Breaking Out of Holiday Branding: Champagne

Guide Year-Round Marketing of a Seasonal Favorite with Social Analysis

Every December 31st, people get together for the biggest toast of the year: the New Year’s clink. Unsurprisingly, liquor and champagne brands have traditionally geared their strategies and campaigns to align with the annual New Year’s spike in consumption.
But should your marketing strategy revolve only around one season? What else are your consumers telling you about their interests, and how can consumer insights and brand managers better measure, message, and market their season products.
To find out, we took to the champagne conversation on social media with nearly 40,000 relevant posts. (And yes, bubbly is biggest around the holidays).
Champagne Opinion Monitor
As anticipated, the largest spike occurs in late December and early January and centers around New Year’s Eve and Christmas (64% of the conversation). We also see a spike in June and July due to weddings and graduation, making up 10% of the conversation.
Interestingly, 36% of the conversation is just general, where champagne is used as a pairing for food or to toast that new job.

While it’s valuable to track the volume over time and topics of conversation, ForSight’s Affinities technology takes us a step further to look at who our bubbly enthusiasts are. We are able to compare the interests of those talking about champagne and the holidays and those talking just about the holidays, without mentioning champagne.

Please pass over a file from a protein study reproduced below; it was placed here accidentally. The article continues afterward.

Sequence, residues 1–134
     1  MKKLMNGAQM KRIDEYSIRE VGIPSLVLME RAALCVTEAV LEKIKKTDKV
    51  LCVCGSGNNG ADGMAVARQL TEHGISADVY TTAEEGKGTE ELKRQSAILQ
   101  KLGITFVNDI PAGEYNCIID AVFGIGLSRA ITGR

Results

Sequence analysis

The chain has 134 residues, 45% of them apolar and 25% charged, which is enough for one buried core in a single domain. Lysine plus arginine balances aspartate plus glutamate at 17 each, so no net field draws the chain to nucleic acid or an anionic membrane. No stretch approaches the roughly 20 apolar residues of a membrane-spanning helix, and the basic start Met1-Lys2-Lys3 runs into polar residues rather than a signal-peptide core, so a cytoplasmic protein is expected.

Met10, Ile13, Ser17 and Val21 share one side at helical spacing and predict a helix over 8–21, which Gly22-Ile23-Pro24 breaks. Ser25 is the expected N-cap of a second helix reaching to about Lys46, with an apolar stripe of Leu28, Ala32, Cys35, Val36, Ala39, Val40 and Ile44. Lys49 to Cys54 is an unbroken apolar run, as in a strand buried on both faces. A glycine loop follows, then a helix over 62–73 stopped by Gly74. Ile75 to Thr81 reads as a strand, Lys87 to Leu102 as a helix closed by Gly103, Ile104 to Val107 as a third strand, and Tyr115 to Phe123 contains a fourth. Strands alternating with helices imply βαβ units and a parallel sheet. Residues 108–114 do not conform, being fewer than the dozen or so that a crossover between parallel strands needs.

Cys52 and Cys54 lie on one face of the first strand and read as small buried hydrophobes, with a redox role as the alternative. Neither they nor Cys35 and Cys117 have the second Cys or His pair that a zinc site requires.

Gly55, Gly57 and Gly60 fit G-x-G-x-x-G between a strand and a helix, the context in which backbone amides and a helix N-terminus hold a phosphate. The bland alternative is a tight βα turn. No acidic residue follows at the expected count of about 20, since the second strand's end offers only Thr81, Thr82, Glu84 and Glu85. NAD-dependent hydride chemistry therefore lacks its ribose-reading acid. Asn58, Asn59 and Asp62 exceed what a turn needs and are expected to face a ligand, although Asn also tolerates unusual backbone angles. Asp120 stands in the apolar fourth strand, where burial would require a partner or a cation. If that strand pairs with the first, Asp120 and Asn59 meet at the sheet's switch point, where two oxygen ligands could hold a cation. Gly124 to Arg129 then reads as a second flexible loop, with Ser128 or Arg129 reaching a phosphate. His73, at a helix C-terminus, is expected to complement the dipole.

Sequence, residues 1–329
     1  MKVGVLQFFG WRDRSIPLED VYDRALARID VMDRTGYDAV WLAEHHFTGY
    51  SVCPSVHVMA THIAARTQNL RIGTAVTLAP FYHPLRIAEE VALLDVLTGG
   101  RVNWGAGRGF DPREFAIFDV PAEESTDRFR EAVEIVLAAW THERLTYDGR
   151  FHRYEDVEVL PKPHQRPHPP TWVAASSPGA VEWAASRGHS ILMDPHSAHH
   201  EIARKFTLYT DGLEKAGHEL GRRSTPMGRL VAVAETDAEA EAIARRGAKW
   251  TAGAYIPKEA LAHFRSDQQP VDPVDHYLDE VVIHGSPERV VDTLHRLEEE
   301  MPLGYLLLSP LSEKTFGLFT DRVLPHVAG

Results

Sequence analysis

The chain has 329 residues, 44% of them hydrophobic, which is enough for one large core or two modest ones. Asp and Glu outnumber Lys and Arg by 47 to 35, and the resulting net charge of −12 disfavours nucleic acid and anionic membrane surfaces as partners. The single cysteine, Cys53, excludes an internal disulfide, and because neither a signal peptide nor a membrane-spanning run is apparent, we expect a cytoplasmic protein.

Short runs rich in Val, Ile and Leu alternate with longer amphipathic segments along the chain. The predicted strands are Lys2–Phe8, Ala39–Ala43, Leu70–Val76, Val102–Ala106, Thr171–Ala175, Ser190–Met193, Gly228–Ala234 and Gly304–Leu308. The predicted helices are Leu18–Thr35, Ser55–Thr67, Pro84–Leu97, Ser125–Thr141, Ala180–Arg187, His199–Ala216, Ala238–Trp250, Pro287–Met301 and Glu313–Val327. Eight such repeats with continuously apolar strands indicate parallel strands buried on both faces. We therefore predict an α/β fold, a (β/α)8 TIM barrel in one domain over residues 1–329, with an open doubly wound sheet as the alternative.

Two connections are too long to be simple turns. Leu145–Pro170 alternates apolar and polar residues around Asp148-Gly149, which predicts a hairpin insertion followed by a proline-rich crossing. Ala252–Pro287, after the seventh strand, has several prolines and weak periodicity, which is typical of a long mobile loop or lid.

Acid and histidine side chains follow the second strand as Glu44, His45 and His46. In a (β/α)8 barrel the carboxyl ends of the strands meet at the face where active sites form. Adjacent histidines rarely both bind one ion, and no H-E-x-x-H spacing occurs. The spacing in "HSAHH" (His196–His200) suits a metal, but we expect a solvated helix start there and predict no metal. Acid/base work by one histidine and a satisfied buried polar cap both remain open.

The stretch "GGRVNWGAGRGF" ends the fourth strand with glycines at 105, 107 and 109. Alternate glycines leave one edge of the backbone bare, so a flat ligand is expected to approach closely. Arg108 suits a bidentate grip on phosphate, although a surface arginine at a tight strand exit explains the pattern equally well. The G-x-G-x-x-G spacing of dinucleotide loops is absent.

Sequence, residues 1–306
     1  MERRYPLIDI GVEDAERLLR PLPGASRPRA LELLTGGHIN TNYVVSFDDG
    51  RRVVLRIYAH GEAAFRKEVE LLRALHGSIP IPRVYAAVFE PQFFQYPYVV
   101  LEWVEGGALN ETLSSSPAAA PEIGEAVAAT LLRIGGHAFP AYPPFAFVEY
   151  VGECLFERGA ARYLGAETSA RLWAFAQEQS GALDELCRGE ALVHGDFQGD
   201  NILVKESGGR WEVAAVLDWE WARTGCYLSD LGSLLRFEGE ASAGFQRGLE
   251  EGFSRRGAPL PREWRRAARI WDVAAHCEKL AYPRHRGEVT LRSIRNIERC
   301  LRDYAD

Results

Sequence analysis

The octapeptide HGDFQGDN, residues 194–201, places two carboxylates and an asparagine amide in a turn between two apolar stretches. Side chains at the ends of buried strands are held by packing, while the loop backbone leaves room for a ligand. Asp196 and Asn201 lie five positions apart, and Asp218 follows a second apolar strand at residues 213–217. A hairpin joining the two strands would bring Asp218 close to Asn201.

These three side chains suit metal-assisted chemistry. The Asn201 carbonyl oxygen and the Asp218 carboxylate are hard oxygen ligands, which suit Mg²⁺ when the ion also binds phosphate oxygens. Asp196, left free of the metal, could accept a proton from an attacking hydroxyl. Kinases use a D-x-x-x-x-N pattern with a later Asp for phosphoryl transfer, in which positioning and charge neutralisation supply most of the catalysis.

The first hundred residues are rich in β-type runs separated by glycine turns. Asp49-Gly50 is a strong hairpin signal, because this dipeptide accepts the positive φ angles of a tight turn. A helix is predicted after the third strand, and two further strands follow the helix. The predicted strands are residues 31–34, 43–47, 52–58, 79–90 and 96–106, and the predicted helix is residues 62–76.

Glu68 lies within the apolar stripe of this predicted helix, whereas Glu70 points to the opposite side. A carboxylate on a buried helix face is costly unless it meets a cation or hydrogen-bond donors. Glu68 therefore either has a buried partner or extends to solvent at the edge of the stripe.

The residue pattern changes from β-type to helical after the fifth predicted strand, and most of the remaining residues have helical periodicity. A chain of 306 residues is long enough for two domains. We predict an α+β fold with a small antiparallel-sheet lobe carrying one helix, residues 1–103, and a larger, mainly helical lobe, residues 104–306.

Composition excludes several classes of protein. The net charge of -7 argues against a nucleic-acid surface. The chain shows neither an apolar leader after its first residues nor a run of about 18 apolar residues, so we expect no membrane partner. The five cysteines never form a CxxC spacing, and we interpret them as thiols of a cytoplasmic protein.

Champagne Image 1
Our champagne lovers show a strong affinity for wine (5x as likely to be interested in it compared to those just interested in the holidays), with a tremendous clustering of affinities for all things British. This includes the English Premier League (2x), British reality TV star Geordie Shore (4x), Ricky Gervais (2x), BBC radio (2x), Liverpool, Chelsea, Manchester, London and just plain “England” (2x).
In contrast, our non-champagne holiday group is 11x more likely to be interested in being a mom, and 2x as interested in parenting, entertainment news, and makeup than those breaking open the bubbly.
While our analysis began with the obvious (timing and volume of conversation around a seasonal product), it ended up revealing far more about our holiday champagne consumers than just their propensity for toasting in the New Year.
Our social data analysis shed insights on champagne consumers interests that could otherwise be missed: champagne and… England? Who knew. Perhaps champagne brands should consider the British soccer season as part of a new “seasonal” strategy? Thanks to ForSight’s Affinities, we know what sets our holiday champagne drinkers apart and how to better engage them in their interests.

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